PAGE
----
The Global Rundown
Drought and saltwater intrusion are beginning to affect livelihoods in several Vietnamese provinces. A U.S. federal judge orders a full environmental review of the Dakota Access Pipeline, siding with North Dakota’s Standing Rock Sioux Tribe. England could face droughts within 20 years as water demand rises, according to the auditor general. Aid groups call for a restoration of water at Syria’s Alouk water station, which serves nearly half a million people. The New Orleans Sewage and Water Board resorts to estimating bills as the coronavirus causes staffing shortages.
“We ask for patience among our commercial customers during this declared emergency. We understand many businesses are closed to promote social distancing and to keep our city as safe as possible, and therefore will be using substantially less water and sewer services.” –The New Orleans Sewage and Water Board (S&WB), in reference to staff shortages brought on by the coronavirus. Due to the lack of manpower, the S&WB says they are unable to conduct normal meters reading, and will instead have to estimate customers’ bills. 4WWL
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By The Numbers
13 Provinces in Vietnam where severe drought and saltwater intrusion have begun to affect the population over the past several months, according to a report by the Office of the UN Resident Coordinator in Vietnam. Five of the drought-stricken provinces have declared a state of emergency. Relief Web
20 years Length of time until England could be experiencing intensifying droughts, based on a report by the National Audit Office (NAO). The report cautions that several parts of England, particularly the southeast, could face severe water shortages in the next couple decades due to rising demand and a decrease in rainfall. The Guardian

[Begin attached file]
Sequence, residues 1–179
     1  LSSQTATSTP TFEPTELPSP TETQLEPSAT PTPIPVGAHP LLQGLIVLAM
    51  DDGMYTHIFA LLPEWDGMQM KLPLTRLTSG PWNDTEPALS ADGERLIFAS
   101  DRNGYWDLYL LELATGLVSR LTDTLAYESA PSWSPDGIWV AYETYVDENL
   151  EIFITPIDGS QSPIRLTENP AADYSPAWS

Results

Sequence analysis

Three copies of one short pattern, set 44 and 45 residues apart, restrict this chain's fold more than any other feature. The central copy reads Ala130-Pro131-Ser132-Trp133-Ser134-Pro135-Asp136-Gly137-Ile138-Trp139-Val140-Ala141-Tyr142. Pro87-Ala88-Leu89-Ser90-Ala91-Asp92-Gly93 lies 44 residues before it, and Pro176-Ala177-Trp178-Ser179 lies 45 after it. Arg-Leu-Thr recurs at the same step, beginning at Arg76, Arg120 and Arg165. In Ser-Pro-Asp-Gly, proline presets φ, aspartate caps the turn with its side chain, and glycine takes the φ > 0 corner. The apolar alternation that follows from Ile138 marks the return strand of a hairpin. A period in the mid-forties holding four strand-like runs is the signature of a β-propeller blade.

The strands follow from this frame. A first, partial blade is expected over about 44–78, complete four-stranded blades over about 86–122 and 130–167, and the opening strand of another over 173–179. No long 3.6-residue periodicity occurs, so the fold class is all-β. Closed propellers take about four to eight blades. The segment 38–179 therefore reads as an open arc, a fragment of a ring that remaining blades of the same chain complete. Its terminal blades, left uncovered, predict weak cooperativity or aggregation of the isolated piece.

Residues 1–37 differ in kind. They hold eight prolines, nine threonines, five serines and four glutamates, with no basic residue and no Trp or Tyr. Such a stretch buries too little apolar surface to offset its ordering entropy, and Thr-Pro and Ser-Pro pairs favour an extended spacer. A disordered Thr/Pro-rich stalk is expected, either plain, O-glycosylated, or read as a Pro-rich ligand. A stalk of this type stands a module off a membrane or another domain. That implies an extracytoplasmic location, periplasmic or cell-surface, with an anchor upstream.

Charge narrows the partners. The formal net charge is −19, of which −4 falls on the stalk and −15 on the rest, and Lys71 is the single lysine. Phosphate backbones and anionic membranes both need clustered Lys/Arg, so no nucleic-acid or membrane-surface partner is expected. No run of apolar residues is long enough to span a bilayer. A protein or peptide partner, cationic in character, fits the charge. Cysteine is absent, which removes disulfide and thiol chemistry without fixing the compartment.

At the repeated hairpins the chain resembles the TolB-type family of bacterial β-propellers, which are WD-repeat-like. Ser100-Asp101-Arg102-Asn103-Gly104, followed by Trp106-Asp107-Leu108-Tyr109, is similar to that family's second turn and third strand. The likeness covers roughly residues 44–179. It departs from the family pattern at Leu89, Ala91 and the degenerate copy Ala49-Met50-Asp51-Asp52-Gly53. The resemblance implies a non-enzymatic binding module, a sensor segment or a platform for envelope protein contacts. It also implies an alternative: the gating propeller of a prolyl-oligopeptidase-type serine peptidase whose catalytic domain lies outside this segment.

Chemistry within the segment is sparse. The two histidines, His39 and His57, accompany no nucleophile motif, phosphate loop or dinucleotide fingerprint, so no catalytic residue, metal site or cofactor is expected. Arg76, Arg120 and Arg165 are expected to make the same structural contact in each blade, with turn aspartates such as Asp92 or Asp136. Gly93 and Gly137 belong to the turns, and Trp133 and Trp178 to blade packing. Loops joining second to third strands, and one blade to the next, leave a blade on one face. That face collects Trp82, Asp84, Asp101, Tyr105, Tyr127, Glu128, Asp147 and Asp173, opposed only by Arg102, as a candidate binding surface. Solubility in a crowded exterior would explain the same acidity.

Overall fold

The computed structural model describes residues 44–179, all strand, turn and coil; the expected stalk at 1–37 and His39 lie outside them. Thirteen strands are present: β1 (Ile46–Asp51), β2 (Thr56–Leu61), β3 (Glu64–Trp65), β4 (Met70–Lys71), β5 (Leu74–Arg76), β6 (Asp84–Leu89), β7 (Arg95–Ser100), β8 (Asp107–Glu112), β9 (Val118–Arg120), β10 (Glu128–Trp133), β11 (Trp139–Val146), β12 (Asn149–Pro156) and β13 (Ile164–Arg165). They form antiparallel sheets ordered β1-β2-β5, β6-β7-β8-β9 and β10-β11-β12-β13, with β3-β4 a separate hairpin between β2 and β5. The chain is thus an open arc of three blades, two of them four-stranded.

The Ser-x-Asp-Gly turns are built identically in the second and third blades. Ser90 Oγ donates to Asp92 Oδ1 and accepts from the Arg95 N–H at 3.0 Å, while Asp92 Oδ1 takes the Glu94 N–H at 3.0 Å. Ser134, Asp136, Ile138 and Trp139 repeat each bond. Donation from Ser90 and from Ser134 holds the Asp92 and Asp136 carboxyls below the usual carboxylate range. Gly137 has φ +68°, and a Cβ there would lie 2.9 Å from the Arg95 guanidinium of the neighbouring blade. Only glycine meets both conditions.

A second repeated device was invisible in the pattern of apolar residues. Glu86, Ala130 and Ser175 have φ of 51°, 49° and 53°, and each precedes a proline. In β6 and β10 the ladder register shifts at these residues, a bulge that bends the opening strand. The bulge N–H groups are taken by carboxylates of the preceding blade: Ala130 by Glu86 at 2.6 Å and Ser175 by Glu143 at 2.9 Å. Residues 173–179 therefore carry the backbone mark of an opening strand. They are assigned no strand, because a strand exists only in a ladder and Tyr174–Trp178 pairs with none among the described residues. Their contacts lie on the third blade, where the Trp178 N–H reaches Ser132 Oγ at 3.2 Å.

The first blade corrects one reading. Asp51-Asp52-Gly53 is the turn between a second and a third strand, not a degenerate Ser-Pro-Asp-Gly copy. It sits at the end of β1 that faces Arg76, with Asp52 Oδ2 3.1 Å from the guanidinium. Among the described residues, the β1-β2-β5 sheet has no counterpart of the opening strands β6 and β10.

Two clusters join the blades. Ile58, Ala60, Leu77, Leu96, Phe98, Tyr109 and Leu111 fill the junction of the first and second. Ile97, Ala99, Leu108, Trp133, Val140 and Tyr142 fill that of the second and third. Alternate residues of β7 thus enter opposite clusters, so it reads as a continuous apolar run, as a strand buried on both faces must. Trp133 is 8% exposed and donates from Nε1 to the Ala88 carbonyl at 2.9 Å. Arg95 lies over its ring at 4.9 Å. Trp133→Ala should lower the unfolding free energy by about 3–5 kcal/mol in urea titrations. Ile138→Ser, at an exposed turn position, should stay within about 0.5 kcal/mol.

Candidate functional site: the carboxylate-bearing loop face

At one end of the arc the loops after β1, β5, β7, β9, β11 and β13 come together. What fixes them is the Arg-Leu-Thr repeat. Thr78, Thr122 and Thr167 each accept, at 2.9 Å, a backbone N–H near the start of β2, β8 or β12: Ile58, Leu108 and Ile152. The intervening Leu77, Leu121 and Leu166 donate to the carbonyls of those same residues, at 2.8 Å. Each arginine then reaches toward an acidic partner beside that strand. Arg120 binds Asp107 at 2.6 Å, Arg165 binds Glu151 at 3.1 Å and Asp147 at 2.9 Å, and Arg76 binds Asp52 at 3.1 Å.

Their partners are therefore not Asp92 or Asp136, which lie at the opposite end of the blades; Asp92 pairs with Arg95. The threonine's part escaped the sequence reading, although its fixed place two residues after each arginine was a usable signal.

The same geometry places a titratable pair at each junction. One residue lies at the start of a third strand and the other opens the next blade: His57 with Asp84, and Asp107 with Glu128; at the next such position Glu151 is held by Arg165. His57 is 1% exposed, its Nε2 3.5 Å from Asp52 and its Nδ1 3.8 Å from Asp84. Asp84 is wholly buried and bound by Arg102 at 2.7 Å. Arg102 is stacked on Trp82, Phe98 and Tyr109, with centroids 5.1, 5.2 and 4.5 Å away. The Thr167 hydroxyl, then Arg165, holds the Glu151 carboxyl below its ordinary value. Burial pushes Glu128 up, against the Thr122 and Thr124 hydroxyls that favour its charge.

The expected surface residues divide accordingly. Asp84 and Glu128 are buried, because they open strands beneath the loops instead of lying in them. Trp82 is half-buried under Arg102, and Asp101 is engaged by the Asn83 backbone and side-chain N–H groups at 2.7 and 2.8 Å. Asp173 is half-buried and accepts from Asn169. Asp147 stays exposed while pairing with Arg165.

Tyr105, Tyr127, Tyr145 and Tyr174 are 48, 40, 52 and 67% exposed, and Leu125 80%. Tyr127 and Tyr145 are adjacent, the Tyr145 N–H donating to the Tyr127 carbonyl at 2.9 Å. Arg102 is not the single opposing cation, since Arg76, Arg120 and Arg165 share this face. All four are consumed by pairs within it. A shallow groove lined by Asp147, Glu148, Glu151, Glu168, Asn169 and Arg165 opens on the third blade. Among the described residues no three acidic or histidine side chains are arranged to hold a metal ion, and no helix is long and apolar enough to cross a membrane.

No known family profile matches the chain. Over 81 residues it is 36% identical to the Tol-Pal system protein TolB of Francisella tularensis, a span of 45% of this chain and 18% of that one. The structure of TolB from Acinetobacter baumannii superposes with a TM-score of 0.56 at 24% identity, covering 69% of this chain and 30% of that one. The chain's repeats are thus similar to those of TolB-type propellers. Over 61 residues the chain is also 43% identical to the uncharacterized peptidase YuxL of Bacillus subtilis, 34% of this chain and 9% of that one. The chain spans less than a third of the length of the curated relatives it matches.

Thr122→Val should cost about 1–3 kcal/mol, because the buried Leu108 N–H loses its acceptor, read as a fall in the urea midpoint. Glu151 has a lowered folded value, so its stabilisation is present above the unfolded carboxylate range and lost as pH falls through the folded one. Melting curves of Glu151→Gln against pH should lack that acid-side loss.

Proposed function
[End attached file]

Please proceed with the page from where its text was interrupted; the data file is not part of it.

Science, Studies, and Reports
Syria’s Alouk water station, which serves nearly half a million people, is currently not producing. The station has been shuttered since March 21, a move that appears to be political. As Syria confirms its first coronavirus cases, aid groups are calling for a restoration of the water station. Deutsche Welle
On the Radar
Judge James Boasberg, a federal judge for the U.S. District Court for the D.C. Circuit, has ruled that a more thorough environmental impact statement of the Dakota Access Pipeline is required before the project can continue operation. In siding with North Dakota’s Standing Rock Sioux Tribe, Boasberg said that environmental reviews by the U.S. Army Corps of Engineers and the companies that own the pipeline are insufficient. A judge will now decide whether the pipeline will be allowed to stay in operation as the case progresses. The Hill
Kayla Ritter is a recent graduate of Michigan State University, where she studied International Relations and Teaching English to Speakers of Other Languages. She is currently based in Manton, Michigan. Kayla enjoys running, writing, and traveling. Contact Kayla Ritter